Though it appeared the brand safety crisis had reached its peak in the aftermath of YouTube’s ‘brands funding terror’ moment in 2017, a fresh set of implications underlining this ethical quandy presented themselves in 2019 after a New Zealand terror attack – in which 52 people were murdered – was broadcast on Facebook Live.
Though the original clip wasn’t monitised, the first-person 17-minute long footage, was cut up and aired by local and global press. Excerpts from the video also found their way on to YouTube and Twitter. In the UK, tabloids were criticised for publishing the clip and, in some instances, running ads adjacent to it on their web pages.
Though Facebook updated policy around Live video after the event, Rob Rakowitz, Initiative Lead for GARM believes this new collaborative approach will pave the way for a less spontaneous way of working.
“Previous approaches to harmful content have been in part a reactive game of whack-a-mole,” he explained.
“We are convinced this uncommon collaboration is what is needed to change the game.
“Since our launch in June, we’ve made significant progress to raise the bar in terms of identifying and eliminating content uploaded by bad actors, for the benefit of brands, people and society at large,” he said.
What's actually going to change?
The Garm argues a collaborative approach to protecting the four billon consumers that use the web, is much needed.
With the initiative bringing together companies who represent about $97bn in global ad spending through 39 advertisers, six agency holding companies, seven media platforms and seven industry associations, it certainly has some clout.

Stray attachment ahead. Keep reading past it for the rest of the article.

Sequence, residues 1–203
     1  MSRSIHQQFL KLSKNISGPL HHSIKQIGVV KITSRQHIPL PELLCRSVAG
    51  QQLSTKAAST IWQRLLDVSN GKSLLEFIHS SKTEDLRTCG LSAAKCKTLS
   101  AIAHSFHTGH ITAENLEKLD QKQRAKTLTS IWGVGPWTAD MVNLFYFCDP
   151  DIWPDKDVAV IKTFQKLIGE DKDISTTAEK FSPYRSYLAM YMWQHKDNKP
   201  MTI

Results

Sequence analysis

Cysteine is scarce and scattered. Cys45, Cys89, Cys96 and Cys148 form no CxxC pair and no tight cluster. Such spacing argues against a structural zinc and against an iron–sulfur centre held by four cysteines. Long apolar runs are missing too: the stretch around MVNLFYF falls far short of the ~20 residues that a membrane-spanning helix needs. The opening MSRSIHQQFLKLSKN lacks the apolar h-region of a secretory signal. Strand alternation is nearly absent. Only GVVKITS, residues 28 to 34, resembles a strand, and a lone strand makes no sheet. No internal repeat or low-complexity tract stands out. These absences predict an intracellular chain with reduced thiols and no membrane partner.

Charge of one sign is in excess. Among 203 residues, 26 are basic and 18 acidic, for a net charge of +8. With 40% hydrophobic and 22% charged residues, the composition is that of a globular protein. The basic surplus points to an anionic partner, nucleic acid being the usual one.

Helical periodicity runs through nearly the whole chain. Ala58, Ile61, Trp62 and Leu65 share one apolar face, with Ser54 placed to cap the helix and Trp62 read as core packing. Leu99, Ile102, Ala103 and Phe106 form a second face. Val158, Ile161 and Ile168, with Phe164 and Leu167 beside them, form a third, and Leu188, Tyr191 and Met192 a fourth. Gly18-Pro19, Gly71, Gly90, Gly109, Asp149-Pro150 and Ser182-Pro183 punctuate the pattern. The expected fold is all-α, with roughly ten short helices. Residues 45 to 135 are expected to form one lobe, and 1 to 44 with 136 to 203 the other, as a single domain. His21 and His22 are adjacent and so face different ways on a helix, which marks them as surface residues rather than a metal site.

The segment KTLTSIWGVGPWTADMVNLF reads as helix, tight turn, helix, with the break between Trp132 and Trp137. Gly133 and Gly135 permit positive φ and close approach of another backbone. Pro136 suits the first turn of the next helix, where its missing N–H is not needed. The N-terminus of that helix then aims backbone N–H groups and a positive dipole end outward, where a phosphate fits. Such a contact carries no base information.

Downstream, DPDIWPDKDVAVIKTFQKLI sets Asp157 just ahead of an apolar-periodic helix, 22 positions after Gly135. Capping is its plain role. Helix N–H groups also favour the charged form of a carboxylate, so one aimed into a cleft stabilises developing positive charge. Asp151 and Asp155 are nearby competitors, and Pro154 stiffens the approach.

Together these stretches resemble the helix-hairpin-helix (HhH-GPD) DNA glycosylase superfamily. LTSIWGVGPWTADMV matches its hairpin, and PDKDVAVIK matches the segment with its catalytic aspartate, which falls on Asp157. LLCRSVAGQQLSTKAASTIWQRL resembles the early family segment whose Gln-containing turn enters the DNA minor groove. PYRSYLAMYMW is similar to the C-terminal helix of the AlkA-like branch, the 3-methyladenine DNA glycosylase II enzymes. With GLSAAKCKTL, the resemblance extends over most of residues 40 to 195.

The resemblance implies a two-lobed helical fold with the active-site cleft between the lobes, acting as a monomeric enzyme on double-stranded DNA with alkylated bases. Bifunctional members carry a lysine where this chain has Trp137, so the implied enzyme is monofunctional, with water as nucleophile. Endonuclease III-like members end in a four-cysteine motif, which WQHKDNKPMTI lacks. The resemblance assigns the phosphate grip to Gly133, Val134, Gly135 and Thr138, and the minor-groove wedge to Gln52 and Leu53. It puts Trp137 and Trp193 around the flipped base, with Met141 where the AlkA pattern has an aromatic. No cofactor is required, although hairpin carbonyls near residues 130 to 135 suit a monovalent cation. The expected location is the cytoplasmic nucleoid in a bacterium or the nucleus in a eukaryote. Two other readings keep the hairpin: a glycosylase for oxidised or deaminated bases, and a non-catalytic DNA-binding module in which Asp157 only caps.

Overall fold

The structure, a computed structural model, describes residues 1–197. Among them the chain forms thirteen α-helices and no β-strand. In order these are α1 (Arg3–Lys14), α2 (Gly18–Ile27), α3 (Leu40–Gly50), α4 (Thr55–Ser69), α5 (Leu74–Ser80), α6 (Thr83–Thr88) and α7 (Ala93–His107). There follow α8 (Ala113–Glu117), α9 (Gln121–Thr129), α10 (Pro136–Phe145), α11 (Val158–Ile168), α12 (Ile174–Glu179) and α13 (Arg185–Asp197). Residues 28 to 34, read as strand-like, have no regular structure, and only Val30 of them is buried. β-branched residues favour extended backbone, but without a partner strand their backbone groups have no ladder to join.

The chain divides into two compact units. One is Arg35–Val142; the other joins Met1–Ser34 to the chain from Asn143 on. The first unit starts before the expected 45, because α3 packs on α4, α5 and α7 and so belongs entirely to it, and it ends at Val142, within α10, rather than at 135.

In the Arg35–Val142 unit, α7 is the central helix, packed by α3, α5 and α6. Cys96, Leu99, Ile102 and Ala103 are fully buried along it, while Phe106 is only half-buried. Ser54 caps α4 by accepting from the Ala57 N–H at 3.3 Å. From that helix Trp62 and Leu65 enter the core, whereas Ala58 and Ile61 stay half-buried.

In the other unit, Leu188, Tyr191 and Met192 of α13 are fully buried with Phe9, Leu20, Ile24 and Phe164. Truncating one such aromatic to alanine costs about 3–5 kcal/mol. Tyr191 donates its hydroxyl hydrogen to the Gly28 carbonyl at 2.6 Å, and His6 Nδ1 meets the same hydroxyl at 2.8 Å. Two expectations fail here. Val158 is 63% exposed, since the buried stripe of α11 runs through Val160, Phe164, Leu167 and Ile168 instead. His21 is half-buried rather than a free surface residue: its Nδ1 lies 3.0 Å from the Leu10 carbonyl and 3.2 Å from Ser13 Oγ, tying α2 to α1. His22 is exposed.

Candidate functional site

The coalition’s main aims are to accelerate progress by means of a three-point strategy.
The first focus will be has developing and adopting common definitions to ensure that the industry is categorizing harmful content in the same way.
The 11 key definitions covering areas such as explicit content, drugs, spam and terrorism will enable platforms, agencies and advertisers to a shared understanding of what is harmful content and how to protect vulnerable audiences, including children.
Establishing these standards is the” first step” needed to stop harmful content from being monetised through advertising, said the WFA.
The next stage is more technical and will involve the creation of tools that better link advertiser controls and media agency tools with the platform’s own processes for categorising content.
This is all to improve transparency and accuracy in media buying and gear it towards building “safer consumer experiences”.
Step three will be about independent oversight and establishing shared measurement standards so the industry, and the duopoly, can assess their own ability to block, demonetise and remove harmful content. These capabilities will be independently verified to drive improvement for all parties.
“Digital media has fundamentally reshaped the way we connect with the world, and yet harmful and hateful online content has the power to tear us apart,” said GARM member and lead chief marketing officer for Mars Jane Wakely.
“By driving collective action across the industry, and developing safeguards to ensure advertising budgets aren’t fuelling harmful content, we’re striving to create safer online communities to protect consumers.”